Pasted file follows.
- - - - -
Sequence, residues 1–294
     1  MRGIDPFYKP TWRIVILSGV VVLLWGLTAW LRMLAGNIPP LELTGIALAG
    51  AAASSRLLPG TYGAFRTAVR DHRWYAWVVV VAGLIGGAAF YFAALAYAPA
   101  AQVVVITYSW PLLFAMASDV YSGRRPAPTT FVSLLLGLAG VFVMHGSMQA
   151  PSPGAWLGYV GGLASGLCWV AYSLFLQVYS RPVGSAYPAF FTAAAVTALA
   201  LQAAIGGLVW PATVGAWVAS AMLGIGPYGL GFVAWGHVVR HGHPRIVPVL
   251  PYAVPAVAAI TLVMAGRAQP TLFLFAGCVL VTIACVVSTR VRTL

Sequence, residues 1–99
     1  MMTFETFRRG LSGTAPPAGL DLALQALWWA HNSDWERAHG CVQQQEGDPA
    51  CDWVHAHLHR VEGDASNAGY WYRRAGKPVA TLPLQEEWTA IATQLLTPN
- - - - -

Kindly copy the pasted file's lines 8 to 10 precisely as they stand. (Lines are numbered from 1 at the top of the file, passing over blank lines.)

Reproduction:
Sequence, residues 1–99
     1  MMTFETFRRG LSGTAPPAGL DLALQALWWA HNSDWERAHG CVQQQEGDPA
    51  CDWVHAHLHR VEGDASNAGY WYRRAGKPVA TLPLQEEWTA IATQLLTPN